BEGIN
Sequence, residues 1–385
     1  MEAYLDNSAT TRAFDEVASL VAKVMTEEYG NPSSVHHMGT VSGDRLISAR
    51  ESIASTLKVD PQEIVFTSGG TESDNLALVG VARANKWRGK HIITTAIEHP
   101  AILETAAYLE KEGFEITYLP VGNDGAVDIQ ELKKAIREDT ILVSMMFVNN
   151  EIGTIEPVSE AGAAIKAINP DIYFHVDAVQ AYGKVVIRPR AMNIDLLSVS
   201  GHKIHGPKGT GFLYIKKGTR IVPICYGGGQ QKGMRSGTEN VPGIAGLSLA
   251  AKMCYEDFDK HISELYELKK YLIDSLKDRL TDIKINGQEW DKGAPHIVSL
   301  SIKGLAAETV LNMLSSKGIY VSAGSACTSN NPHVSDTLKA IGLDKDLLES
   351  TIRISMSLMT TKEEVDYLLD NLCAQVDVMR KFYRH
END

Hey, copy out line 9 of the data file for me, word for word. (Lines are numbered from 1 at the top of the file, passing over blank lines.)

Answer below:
   351  TIRISMSLMT TKEEVDYLLD NLCAQVDVMR KFYRH